Serious Entertaining: A Roasted Fall Dinner
Last week Twitter user @etu001 asked me for a recommendation. "Fall dinner for 6 ppl, something meaty and comforting, hopefully braised/roasted, what would you make?"
My answer is pretty easy. Nothing says fall to me like a good roast chicken paired with some roasted roots or squashes, a good soup, and a bracingly bitter salad of crunchy winter greens on the side. Here's my ideal fall menu. What's yours?
Soup Course: Roasted Squash and Raw Carrot Soup
Squash and carrots go very well together. They're both orange (duh), both have a great sweet-and-savory flavor profile, and both take well to conversion into creamy soup form. Just starchy enough to add some body and silkiness to the purée without being overly heavy.
Rather than roasting or boiling both vegetables together, I roast just the squash, adding the carrot juice raw at the end in order to retain some of its fresh flavor. The soup is excellent—a nice salty/sweet contrast, a great combination of deep roasted aromas, and bright freshness. The final step is to emulsify it with some really good olive oil to add some body and texture to it. You can just whisk the olive oil into the puréed soup, but you get a tighter emulsion and smoother texture if you drizzle in the olive oil slowly into the running blender, just like making a mayonnaise.
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Side Dish: Balsamic Glazed Acorn Squash with Shallots and Rosemary
Straddling the line between sweet and savory, squash are the quintessential fall vegetable and go remarkably well with roasted shallots, another one of those sweet-savory twofers. It all gets reinforced with a drizzle of balsamic vinegar, which adds a touch of tartness to the mix. When they emerge from the oven, they're golden and tender with crisp, caramelized edges under the sheen of a sweet-and-sour glaze flavored with rosemary.
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Salad Course: Beet and Citrus Salad with Pinenut Vinaigrette
This salad combines two of my favorite fall/winter staples: beets and grapefruits. It takes a little planning to roast beets, but once they're in the oven, they take very little effort to cook and the dish comes together quickly. Sweet as candy, rich and earthy, with a great sorta-soft-sorta-crisp texture, they're one of my wife's favorites. Just like her, it's pretty, colorful, and best served at room temperature.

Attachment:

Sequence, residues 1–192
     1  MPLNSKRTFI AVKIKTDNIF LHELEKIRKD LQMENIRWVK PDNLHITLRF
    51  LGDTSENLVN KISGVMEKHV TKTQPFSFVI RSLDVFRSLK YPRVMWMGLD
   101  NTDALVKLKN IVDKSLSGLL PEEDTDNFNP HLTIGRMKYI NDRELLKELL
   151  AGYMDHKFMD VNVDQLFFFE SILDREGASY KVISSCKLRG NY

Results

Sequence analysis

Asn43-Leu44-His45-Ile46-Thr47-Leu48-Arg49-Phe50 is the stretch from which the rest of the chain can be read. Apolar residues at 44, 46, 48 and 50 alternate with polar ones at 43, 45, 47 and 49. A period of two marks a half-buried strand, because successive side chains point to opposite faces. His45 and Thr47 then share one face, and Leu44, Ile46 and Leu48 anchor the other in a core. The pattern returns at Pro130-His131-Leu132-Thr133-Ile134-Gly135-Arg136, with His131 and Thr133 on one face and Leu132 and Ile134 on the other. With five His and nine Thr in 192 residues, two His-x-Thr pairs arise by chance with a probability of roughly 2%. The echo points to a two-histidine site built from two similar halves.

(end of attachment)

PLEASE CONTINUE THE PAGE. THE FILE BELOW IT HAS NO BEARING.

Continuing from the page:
Cooking beats in a foil pouch in the oven gets them to cook just as fast as boiling, without losing any juices or flavor. This salad combines grapefruit, orange, roasted beets, and bit of arugula for some peppery kick (you can use whatever herb or salad green you'd like instead). I like to serve nuts with my beets, which usually means hazelnuts, but in this case, I've gone with pine. A vinaigrette made with sherry vinegar, shallots, walnut oil, and a touch of agave nectar or honey sweetens the whole thing.
I throw my beets in in the afternoon, make my vinaigrette and segment my grapefruits while they roast, then swap them out with the chicken. In the time the chicken takes to cook, I can let the beets cool, peel them, and cut them. Once the chicken's out of the oven, I just need to toss the salad with the vinaigrette while the chicken rests, and we're ready to eat.
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Main Course: Butterflied Roasted Chicken
The secret to perfect roast chicken with juicy breast meat and tender thigh and leg meat is to butterfly it so that the breasts lay flat and the legs are not protected by the mass of the chicken's carcass. When roasted like this, all of the parts finish cooking at the exact same time. Not only that, but the open position makes it easy for fat to render, giving you extra crisp skin. But wait, there's more! It also cuts down cooking time significantly. AND when you butterfly a chicken, you get a backbone with which you can make a quick jus while the chicken roasts.
Four benefits for the price of a couple of strokes with the chicken shears? Sign me up!
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About the author: J. Kenji Lopez-Alt is the Chief Creative Officer of Serious Eats where he likes to explore the science of home cooking in his weekly column The Food Lab. You can follow him at @thefoodlab on Twitter, or at The Food Lab on Facebook.